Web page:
Back to search

Sustainable land management technologies: minimum soil disturbance



Minimum soil disturbance are actions that reduce the level of soil manipulation, for example by applying low soil disturbance to shallow depths or on small strips of land. This includes zero tillage (no-till), reduced (minimum) tillage, mulch tillage, ridge tillage and contour tillage, and also the practice of direct seeding. The technology can be applied to different land use types, including cropland.


According to the report on sustainable land management (SLM) by the UNCCD Science-Policy Interface (SPI), minimum soil disturbance is often implemented with the goal of maintaining or increasing soil fertility/quality, and can provide multiple co-benefits, such as reducing soil erosion and compaction, improving water availability and retention. In some cases, the technology has shown to increase soil organic carbon (SOC) storage, and could be considered a potential climate change mitigation option.

Examples of SLM best practices in minimum soil disturbance

Below are examples of best practices in minimum soil disturbance cited in the report on SLM by the SPI.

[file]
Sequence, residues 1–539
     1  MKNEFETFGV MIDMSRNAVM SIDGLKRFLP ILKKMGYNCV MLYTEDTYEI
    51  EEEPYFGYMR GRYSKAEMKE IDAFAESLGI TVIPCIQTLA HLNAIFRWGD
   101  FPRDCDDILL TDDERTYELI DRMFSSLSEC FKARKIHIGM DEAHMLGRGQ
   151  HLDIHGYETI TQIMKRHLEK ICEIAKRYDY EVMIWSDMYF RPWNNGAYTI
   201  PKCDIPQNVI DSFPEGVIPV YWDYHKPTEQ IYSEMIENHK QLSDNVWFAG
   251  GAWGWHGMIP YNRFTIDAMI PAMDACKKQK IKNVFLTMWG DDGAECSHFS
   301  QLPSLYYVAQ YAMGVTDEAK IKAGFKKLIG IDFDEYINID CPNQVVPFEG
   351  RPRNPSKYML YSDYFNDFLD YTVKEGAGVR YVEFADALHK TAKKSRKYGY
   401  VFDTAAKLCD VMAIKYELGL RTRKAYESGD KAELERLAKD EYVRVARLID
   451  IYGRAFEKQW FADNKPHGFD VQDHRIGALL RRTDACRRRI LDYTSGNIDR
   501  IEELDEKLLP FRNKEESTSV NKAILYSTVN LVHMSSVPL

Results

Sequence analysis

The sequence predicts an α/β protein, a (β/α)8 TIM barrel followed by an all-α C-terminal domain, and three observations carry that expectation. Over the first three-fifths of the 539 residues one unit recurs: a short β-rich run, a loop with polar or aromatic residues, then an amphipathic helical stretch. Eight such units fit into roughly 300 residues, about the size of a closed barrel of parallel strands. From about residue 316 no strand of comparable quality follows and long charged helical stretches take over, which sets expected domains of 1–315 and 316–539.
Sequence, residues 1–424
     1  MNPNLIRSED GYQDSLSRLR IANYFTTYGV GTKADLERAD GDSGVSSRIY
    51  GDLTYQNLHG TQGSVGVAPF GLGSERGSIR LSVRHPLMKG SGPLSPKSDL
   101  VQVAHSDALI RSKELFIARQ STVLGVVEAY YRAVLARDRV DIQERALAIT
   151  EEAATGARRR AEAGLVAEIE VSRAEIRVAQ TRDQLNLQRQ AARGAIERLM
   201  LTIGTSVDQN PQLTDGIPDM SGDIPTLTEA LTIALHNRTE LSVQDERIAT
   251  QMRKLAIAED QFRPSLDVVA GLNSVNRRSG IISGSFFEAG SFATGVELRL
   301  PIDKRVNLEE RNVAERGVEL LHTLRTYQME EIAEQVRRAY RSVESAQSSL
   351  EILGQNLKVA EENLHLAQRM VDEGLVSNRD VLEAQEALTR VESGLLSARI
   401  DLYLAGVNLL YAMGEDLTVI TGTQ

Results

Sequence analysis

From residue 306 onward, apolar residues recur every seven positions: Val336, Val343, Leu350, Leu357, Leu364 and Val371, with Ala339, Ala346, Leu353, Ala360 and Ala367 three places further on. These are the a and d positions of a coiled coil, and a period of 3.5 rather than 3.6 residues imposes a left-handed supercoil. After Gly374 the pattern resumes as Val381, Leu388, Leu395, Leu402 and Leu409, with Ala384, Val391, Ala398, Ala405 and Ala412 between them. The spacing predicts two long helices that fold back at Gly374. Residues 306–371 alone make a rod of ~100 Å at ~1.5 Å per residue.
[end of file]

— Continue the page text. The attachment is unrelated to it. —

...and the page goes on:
Maize strip tillage

Strip tillage is a cropping system for maize which reduces the reworking of the soil to the stripes, in which the seeds are planted. Strip tillage is a mixture between no tillage and conventional agriculture. Instead of ploughing and harrowing, a special rotary tiller including a grubber is used; it is used to avoid soil erosion or for economic reasons. The reworking of the soil, manuring, seeding and applying of herbicides can be done at once.

Continuous soil cover

Maintenance of continuous soil cover; alternating crops and cover crops as a practice to improve soil quality and reduce diffuse agricultural water pollution. Continuous cover cropping has been promoted as an agro-environmental measure to extend sustainable land management and reduce diffuse water pollution. The type of crop species depends on the crop succession. Compared with systems that do not use cover crops, continuous soil cover provides long-term agronomical and environmental benefits due to a reduction of negative impacts on agro-ecosystems.

Minimum tillage and direct planting

Leaving crop residues on the soil surface and subsequent planting through the mulch. The mulch layer has several important functions: it helps to increase and maintain water stored in the soil, reduces soil erosion, contributes to improve soil fertility and it efficiently controls weeds by hindering their growth and preventing weeds from producing seeds.


Read about other SLM technology groups


vegetation management

water management

grazing pressure management

animal waste management

sustainable forest management

reducing deforestation


forest restoration



soil erosion control

fire pest and diseases control



Read more: